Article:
01-06-08: This update is associated with testing the turbine prior to powering the unit up for the first time. The hall-device should not be connected at either end prior to generator rotational testing. This means: do not connect the hall-device at the slip-ring assembly or connect hall-device wiring to the micro-controller until motor direction and brake operation has been verified. Also check that AC voltage (120 volts to ground) is not present on any of the hall-device wires before connecting them at either end. In addition, none of the hall-device wires should be grounded or have continuity to ground.
Following this update should make any miss-wiring or damaged wiring apparent before personal injury or damage to the micro-controller can occur.
10-16-07 Books purchased after August, 2007 have corrected blade drawings and information and changes pertaining to using the brass slip-ring assembly.
10-02-07 There have been a few instances of turbine goes to overspeed and shuts down or turbine kicks in too early and trips circuit breaker. So far all of these types of problems have been attributed to wires touching each other when using the mercury slip-ring, or wires not properly supported and they have rubbed through the insulation and are intermittently shorting to the tower or structure. Extra care should be taken to secure wiring at and through the yaw assembly and slip-ring whether brass or mercury..
Alternate method of rotor balancing: Alvin of Saskatchewan, Canada has contributed a pendent type balancing adaptor. The tool is designed to project up through the center of the hub and be connected to a line in which the entire rotor assembly is suspended. The rotor them may be balanced as described in the plans. Photos may be seen on the "Tips Pics and Other" page.
Updates 6-2-07: We have placed a drawing of the new main drive shaft on the bonus page. This is not to say that the old one (the one in the book) will not work or is too small. The new shaft is larger which reduces lathe time and in the end we have a larger shaft which is less expensive. Of course the bearings are slightly more expensive which we believe is a good trade off. You may download the new drawing from the bonus page.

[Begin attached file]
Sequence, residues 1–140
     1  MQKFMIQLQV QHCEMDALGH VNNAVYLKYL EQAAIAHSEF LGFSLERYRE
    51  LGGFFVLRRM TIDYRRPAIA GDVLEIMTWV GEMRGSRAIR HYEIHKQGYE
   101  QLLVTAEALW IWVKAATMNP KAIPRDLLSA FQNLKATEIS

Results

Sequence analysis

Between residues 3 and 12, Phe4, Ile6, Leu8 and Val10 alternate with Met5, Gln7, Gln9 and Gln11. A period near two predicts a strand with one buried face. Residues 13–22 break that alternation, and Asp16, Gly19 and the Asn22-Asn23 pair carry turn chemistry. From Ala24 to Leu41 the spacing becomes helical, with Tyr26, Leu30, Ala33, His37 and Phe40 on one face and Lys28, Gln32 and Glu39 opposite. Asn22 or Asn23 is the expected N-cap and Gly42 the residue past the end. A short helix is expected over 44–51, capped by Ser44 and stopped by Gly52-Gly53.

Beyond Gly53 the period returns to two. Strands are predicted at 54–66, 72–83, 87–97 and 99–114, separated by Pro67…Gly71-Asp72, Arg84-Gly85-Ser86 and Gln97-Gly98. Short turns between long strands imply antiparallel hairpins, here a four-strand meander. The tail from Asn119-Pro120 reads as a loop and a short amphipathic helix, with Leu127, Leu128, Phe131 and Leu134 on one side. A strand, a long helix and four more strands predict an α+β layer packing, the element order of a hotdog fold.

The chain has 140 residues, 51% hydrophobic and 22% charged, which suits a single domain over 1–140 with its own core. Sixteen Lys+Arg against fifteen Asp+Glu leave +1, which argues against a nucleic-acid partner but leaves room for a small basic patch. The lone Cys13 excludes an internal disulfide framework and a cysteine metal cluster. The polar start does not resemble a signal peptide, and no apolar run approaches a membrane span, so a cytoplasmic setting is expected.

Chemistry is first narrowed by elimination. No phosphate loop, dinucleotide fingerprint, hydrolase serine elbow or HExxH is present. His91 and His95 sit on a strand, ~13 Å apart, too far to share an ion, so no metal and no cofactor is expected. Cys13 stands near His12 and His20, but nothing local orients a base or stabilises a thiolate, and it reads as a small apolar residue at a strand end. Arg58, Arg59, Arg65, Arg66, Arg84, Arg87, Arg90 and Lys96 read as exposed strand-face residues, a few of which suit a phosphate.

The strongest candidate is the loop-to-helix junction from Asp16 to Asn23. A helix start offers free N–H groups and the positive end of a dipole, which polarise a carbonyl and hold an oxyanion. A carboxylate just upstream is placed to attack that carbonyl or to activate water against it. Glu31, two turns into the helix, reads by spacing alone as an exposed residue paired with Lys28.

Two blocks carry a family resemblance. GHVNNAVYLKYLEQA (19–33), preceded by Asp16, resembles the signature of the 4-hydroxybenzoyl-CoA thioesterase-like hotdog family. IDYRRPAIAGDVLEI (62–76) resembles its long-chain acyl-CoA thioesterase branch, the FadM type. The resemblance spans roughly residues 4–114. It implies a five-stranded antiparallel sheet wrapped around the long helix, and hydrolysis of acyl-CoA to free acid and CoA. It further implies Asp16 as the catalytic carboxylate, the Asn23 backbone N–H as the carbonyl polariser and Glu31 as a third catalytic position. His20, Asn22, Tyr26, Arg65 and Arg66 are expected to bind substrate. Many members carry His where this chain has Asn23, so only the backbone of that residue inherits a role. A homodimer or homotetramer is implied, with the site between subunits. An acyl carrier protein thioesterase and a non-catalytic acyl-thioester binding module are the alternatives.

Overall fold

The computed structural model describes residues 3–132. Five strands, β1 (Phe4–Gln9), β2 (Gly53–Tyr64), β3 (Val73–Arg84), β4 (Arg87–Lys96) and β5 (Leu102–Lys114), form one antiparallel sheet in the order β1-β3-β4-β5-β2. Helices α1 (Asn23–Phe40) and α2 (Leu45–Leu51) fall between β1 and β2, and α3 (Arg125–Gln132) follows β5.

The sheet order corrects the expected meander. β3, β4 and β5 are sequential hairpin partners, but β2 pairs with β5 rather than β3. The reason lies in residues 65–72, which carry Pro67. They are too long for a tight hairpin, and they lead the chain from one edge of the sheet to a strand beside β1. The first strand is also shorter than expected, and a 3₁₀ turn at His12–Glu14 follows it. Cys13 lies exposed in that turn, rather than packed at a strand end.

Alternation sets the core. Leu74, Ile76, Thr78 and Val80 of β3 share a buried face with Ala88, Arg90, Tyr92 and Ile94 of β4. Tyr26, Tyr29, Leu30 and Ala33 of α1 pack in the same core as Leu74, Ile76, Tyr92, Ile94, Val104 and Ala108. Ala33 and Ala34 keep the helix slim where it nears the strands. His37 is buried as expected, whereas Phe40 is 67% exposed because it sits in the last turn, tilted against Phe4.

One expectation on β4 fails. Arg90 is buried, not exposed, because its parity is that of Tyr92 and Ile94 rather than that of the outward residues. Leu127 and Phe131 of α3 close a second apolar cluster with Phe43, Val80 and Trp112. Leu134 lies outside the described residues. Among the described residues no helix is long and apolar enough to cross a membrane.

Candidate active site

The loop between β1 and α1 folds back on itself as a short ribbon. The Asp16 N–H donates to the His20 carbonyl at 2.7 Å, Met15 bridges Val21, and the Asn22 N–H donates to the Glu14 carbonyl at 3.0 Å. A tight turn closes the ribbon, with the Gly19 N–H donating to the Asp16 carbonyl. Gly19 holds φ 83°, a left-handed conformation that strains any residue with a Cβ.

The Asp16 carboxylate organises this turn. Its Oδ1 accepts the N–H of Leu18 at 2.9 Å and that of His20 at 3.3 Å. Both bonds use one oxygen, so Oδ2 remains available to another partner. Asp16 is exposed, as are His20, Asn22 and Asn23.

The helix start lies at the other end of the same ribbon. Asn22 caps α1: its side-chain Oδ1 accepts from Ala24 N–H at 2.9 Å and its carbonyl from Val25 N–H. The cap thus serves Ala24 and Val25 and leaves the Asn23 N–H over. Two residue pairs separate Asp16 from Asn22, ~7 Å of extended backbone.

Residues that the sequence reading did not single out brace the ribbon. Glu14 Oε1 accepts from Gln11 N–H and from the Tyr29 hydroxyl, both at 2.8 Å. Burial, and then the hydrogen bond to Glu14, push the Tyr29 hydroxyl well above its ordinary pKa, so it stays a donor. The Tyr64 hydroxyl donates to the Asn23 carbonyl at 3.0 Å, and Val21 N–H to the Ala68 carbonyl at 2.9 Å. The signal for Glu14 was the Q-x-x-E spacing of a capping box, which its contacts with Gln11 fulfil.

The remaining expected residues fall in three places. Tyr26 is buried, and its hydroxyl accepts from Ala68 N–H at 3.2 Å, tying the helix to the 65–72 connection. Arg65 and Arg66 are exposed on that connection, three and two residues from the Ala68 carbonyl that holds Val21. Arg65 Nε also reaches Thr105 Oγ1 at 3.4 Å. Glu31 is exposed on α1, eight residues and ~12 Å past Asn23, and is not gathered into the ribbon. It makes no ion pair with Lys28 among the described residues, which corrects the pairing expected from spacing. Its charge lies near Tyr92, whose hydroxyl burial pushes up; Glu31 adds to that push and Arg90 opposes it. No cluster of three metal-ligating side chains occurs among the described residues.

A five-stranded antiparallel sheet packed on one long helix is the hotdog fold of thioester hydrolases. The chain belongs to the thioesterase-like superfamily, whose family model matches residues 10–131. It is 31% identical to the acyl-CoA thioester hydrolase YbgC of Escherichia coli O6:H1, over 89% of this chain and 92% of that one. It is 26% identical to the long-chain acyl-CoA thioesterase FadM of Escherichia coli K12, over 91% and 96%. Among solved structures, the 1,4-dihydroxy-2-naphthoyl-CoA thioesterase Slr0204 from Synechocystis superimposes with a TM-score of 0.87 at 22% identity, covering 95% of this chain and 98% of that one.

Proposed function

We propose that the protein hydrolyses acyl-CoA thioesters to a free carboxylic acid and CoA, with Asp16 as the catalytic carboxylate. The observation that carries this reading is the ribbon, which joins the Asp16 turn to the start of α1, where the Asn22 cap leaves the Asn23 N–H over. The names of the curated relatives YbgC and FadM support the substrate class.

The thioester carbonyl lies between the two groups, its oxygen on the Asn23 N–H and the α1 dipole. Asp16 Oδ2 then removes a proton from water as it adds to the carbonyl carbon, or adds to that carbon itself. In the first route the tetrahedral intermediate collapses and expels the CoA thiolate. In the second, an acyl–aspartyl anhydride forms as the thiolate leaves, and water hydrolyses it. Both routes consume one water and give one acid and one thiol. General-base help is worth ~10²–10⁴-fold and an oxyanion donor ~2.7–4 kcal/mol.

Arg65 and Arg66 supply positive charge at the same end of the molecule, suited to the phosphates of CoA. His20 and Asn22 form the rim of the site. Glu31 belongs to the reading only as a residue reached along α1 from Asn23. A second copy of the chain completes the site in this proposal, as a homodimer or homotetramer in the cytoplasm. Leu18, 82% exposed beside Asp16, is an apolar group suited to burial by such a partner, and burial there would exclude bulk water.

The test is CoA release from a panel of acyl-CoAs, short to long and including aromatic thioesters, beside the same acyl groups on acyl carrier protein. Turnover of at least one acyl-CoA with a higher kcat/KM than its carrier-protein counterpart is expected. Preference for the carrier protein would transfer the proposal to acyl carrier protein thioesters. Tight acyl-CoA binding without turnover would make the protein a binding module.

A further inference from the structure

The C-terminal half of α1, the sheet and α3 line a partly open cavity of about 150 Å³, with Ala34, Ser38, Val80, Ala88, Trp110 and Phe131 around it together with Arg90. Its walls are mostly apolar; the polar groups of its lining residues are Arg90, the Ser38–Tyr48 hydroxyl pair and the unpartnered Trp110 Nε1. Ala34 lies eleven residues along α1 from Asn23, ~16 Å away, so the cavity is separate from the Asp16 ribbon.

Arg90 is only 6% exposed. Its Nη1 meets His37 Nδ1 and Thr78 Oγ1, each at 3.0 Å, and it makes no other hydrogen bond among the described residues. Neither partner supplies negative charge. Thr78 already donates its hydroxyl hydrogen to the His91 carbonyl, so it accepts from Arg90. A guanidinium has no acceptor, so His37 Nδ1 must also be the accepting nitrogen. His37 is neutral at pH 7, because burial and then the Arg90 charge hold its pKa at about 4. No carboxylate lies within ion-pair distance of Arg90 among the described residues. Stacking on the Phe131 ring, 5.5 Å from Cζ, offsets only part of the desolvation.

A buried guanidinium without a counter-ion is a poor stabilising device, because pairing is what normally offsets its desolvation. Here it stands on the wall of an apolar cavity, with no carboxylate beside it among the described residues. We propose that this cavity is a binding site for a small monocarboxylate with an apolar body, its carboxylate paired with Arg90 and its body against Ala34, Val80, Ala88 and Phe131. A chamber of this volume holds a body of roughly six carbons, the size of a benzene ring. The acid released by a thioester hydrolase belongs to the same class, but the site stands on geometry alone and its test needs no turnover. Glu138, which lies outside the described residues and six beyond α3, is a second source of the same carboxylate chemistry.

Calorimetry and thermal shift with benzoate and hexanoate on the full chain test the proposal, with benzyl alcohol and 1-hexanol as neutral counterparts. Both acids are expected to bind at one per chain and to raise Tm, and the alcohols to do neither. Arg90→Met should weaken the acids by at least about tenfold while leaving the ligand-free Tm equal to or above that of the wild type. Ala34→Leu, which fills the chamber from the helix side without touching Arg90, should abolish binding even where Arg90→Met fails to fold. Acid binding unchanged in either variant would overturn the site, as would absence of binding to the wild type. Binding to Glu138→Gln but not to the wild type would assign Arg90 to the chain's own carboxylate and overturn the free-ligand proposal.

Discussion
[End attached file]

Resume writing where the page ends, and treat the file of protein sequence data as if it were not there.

Updates 01-20-07: The torque limiter must be adjusted properly or it will be overpowered in higher winds. Although the procedure detailed in the book will result in the correct torque limiter setting we have an additional method which is easier: After aligning the motor and drive shaft and insuring all hardware is in place and tight, adjust (tighten) the large nut on the rear of the torque limiter so that the motor just begins to slip inside the brake when the turbine rotor is turned and then back the nut off so that when turning the turbine blades the motor brake holds and the torque limiter just begins to slip. This will insure that the torque limiter is adjusted to a point just below the brake holding torque and that the system slips at the torque limiter and not the brake. This adjustment should be checked again at the initial 30-day check-up and every 6 months there after. Insure that you have tightened all setscrews and hardware before returning the turbine to service.
We have tested the turbine at several tower heights now including 17, 35, 60, 70, and 80 with results even more dramatic that previously estimated. In conclusion 60 must be considered absolute minimum mounting height for a turbine this size. In addition we have seen as much as a 10% increase in overall kW produced when increasing tower height from 70 to 80 feet. If mounting the turbine higher then 60 feet increase guy anchor positions as well as the dimensions of the cable truss tie points and spreader bars proportionally to the percentage of increase in tower height.
Check the bonus page on this web site for useful information available for those who have purchased the plans for Breezy 5.5.
08-09-06. To go along with the blade changes we have a new page 12. The page illustrates the correct blade profile. The page may be viewed and printed as if it were a picture. Use the same instructions for downloading the zip files.
Link: new page 12
07-30-06Since printing the book there has been a few changes to the hall-devise mounting and set-up. All hall-devise sensors that we have shipped ( will ship) with controllers have been North Pole sensing. Which means, as indicated with a handheld compass, the North Pole of a magnet will cause sensing. On page 41 make a note changing South Pole to North Pole in the first sentence of the last paragraph. Also, on page 86 make a note with respect to testing brake magnetic field polarity. For proper polarity of the brake magnetic field, a handheld compass should indicate that the end of the motor shaft is producing a S-pole when energized. The magnets shipped with controllers are marked on their N-pole, which should be mounted facing the hall-devise.